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Wednesday, April 1, 2009

Breaking the Connections, Ending the Crime, Drug, and Immigrant Wars

(A postscript to the BorderLines series: "Aliens, Crime, and Drugs: Making the Connection.")
The economic crisis has preempted any immigration reform that expands work visa programs or regularizes the status of unauthorized immigrants. Even if the Democratic majority expands in Congress, such liberal immigration reforms will likely remain dead politically until the economy stabilizes and revives. This gives immigration advocates a few years or more to sharpen their arguments and broaden the support for liberal immigration reform. Not constrained by the exigencies and demands of a lobbying campaign for comprehensive reform, as they have been for the past several years, immigrant advocates and others have the opportunity to address the way immigration has become governed by crime. Americans are rightfully proud that the country we have created respects the “rule of law.” But, while important, respect for law and for the order that it provides never has been and never should be the animating principle of the United States. Our founders believed, as we do, that when rules or laws do not serve the interests of justice, they need to be changed. With respect to immigration and immigrants, over the past two decades we have changed our rules and laws but not to serve justice. Rather the new “rule of law” in immigration matters has been instituted in fits of political opportunism and backlash. The criminal justice and penal systems, already weighed down and distorted by the wars on crime and drugs, have been tapped to provide order to immigration. Justice and reason are nowhere in sight. In this political interim, Congress, President Obama, Attorney General Eric Holder, and DHS Secretary Janet Napolitano should begin to bring justice and reason back into immigration enforcement. A combination of congressional and administrative action could go a long way toward making the rule of law in immigration matters that deserves our respect. Both at the state and federal levels, there are new signs that the logic, rationale, and methods of the war on crimes and drug are coming under hard review. This reconsideration of the “severity revolution” is largely a product of the economic crisis. Current patterns of law enforcement, sentencing, and imprisonment are at long last recognized as being unsustainable and counterproductive. As law makers move to rollback drug laws and downsize the crime/prison complex, they would do well also to consider the costs of criminalizing and imprisoning immigrants. On the federal level, Congress should question whether the nation can afford the billions of dollars allocated annually for arresting and imprisoning immigrants.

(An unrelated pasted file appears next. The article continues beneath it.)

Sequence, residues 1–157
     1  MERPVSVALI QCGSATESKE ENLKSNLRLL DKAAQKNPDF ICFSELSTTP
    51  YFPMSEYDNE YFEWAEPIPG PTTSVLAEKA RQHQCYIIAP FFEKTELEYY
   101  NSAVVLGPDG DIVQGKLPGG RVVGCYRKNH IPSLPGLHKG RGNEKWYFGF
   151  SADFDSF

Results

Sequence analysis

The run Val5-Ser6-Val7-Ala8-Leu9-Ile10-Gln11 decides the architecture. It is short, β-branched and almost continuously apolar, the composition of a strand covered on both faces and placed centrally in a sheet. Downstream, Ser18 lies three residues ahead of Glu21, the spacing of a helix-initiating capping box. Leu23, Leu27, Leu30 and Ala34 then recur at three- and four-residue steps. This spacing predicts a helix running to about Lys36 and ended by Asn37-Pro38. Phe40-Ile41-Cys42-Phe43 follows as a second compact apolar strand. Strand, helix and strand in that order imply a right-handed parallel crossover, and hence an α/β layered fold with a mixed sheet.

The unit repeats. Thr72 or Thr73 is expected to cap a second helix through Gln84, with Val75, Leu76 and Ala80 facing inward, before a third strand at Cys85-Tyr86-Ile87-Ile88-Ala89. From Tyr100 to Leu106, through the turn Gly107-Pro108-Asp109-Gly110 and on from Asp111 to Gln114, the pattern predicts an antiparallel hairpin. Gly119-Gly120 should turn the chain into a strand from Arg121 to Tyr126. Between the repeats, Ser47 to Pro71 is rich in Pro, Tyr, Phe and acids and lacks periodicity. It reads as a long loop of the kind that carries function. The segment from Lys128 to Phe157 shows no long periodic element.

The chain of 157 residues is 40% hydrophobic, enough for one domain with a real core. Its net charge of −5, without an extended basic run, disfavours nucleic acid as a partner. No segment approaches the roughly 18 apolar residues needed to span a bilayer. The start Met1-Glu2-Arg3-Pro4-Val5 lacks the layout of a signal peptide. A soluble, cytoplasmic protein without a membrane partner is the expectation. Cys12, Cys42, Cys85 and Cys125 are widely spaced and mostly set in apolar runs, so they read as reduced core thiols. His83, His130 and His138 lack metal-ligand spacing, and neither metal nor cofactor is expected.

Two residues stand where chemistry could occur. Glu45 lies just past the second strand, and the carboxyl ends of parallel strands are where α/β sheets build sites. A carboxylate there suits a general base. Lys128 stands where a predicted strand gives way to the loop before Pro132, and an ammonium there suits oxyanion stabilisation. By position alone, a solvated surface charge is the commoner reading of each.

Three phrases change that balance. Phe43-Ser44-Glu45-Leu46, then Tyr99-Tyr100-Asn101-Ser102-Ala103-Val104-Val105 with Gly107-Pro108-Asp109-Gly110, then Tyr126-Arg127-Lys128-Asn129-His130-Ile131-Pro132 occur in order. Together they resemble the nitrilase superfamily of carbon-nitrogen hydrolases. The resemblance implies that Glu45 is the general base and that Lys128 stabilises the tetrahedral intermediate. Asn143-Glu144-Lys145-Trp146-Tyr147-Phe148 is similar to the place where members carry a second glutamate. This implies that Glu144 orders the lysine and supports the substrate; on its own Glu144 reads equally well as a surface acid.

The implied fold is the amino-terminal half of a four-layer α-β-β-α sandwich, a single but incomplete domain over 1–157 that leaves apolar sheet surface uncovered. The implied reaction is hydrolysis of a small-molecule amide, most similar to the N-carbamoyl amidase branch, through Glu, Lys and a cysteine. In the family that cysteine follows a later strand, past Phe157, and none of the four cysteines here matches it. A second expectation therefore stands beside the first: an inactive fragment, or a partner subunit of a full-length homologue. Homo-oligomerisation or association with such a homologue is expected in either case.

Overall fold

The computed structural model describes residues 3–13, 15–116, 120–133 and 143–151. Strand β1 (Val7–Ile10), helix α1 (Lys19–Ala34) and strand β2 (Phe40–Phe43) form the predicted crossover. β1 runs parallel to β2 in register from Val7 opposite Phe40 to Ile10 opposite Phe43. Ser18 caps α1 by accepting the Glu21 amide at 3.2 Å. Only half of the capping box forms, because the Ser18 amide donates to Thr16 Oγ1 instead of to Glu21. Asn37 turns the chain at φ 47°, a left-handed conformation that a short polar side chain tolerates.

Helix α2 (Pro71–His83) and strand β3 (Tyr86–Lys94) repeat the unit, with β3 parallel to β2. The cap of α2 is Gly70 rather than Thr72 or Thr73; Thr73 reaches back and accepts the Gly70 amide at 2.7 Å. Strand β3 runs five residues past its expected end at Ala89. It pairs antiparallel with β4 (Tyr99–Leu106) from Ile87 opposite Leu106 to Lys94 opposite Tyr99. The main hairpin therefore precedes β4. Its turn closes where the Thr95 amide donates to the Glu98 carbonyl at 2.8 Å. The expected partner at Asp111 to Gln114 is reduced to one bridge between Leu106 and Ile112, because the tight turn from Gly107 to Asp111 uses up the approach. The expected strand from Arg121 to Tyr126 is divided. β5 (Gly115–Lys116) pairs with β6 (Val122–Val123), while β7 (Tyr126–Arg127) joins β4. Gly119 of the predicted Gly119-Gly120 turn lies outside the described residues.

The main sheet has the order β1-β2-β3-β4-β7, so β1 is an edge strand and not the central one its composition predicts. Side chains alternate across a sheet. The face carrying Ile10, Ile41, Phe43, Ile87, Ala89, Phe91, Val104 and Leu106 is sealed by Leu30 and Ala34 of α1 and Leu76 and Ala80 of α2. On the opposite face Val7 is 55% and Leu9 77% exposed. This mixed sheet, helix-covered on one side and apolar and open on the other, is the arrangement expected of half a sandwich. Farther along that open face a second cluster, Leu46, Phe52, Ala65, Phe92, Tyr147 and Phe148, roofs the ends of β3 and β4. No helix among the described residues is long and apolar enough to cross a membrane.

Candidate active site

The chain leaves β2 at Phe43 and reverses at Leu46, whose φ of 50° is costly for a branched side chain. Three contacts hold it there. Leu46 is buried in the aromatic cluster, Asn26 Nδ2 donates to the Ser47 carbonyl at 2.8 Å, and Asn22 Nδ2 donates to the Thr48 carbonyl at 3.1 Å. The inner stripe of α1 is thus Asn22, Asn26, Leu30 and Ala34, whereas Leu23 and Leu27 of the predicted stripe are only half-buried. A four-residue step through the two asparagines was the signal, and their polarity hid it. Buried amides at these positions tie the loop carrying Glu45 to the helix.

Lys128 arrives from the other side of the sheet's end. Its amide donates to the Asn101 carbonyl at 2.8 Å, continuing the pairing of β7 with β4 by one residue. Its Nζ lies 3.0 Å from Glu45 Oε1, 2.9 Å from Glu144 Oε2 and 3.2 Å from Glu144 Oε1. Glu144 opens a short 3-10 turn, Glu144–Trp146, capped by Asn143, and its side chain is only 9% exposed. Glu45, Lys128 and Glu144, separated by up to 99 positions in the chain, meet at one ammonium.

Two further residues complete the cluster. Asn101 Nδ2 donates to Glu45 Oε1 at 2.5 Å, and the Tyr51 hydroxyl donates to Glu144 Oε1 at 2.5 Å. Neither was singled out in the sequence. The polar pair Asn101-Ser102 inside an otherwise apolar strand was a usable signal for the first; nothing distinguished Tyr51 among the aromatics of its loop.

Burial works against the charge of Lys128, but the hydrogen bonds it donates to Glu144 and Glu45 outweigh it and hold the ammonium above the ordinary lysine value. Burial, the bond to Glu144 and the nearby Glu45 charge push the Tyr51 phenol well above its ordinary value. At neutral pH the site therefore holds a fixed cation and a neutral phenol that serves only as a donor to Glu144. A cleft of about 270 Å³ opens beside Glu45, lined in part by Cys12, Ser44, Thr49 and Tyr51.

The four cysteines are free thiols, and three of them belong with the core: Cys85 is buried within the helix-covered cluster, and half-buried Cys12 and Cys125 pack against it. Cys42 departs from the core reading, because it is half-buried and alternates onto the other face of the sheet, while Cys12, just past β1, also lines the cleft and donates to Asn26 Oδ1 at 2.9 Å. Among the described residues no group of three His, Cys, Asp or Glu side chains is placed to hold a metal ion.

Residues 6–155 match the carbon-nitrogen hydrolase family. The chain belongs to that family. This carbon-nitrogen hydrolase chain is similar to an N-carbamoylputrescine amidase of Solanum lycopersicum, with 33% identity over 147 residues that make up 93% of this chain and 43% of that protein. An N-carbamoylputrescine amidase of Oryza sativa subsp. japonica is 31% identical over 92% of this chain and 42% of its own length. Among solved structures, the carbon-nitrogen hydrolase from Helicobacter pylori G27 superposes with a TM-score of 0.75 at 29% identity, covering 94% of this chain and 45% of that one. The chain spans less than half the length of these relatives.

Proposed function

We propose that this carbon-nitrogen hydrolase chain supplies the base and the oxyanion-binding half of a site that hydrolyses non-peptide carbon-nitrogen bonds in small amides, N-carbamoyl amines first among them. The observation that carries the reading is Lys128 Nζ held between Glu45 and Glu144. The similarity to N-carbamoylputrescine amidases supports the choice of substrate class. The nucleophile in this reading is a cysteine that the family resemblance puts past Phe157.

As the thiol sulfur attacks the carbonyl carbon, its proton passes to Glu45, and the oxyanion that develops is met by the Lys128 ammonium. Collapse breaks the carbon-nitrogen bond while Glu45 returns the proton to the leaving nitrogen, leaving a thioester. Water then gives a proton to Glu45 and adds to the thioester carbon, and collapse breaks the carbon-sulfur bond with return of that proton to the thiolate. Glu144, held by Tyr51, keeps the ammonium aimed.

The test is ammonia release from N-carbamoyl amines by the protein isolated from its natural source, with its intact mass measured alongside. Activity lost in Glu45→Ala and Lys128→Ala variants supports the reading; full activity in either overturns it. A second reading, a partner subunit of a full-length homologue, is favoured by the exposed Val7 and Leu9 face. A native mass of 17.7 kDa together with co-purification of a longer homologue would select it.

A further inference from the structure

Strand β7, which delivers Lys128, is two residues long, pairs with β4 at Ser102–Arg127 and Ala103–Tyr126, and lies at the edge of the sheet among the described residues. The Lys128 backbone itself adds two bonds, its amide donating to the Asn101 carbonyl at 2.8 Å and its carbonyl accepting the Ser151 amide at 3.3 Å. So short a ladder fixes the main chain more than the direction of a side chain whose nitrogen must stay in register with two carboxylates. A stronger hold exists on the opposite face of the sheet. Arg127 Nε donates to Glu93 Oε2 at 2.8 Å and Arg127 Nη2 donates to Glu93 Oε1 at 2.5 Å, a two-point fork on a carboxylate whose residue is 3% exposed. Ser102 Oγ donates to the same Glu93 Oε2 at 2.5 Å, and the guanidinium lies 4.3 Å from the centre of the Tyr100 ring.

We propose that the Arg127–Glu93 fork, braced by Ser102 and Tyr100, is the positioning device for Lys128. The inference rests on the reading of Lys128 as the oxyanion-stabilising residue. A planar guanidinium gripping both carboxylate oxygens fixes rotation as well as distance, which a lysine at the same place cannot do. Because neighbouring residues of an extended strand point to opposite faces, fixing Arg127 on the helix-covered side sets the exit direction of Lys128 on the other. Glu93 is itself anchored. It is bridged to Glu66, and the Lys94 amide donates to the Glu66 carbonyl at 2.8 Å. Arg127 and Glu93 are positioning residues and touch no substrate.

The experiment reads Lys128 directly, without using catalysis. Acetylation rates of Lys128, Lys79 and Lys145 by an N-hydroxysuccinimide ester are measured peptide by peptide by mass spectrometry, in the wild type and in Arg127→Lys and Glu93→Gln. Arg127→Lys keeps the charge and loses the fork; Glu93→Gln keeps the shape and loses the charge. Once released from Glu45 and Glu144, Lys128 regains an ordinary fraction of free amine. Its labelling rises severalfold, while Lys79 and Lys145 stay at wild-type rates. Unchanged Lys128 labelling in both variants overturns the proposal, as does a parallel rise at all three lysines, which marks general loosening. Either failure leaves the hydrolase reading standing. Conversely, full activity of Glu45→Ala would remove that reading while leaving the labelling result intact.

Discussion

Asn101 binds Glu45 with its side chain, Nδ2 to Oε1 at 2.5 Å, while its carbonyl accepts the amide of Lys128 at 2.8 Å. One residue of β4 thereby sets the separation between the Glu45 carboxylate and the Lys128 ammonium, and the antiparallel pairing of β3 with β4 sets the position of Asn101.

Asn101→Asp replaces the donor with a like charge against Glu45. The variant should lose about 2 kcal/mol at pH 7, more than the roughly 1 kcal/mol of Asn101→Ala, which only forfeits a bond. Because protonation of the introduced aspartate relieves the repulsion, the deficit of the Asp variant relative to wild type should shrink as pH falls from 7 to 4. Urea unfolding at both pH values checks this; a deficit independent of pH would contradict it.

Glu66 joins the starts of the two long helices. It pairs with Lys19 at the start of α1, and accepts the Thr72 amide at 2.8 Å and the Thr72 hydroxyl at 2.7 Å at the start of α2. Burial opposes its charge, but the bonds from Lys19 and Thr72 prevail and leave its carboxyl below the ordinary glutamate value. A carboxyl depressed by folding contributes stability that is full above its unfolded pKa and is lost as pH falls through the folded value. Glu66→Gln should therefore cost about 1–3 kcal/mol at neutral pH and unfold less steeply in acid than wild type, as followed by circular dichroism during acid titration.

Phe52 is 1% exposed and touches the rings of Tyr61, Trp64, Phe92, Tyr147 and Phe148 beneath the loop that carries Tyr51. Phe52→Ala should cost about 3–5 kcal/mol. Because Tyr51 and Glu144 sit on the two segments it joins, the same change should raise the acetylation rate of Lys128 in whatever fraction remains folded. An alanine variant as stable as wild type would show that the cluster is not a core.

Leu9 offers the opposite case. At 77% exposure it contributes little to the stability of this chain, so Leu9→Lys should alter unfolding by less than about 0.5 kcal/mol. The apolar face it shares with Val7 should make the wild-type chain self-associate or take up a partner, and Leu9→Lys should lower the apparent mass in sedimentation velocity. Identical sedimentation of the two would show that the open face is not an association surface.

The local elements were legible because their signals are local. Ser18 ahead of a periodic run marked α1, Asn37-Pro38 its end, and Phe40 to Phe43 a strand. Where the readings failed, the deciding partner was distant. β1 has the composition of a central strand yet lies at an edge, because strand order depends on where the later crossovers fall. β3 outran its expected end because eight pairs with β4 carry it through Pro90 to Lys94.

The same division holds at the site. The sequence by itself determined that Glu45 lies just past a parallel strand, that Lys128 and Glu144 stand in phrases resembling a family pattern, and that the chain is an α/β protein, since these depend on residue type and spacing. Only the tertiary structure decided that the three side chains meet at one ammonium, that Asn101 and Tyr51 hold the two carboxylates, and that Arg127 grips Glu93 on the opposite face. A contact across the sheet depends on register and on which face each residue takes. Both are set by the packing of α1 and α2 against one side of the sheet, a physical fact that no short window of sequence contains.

Homeland Security’s immigration agencies should not get a free pass in a budget review of pork-barrel and unnecessary funding. Specifically, Congress should tell the president, Napolitano, and Holder that ICE’s criminal alien programs are unfocused and as such do little to improve community security and public safety, as they claim. Secretary Napolitano has given signals that she will halt her predecessor’s support for worksite raids that send hardworking immigrants to prison. She has promised to focus more on charging employers that exploit immigrant labor. But neither she nor Attorney General Holder has thus far failed to challenge the array of DOH and DOJ programs that as part of a “deterrence” strategy have employed the heavy hand of the law to make life in the United States increasingly unbearable for immigrants – a strategy that immigration restrictionists accurately describe as “attrition through enforcement.” Law and justice operate at cross-purposes in such a criminalizing strategy, and it’s the responsibility of Holder and Napolitano to recognize this and correct it. Congress should also move to reinstall the separation of immigration and criminal law through legislative amendments that rollback the 1996 and other laws that have established the legal foundation for the current regime of governing immigration through crime.
But the executive branch is free to move itself to distance itself from this regime by dismantling its array of programs that unproductively categorize and treat an ever-growing number of immigrants as criminals and fugitives. Current funding for these programs can be used to target the immigrants who truly represent a threat to “national security and public safety.”

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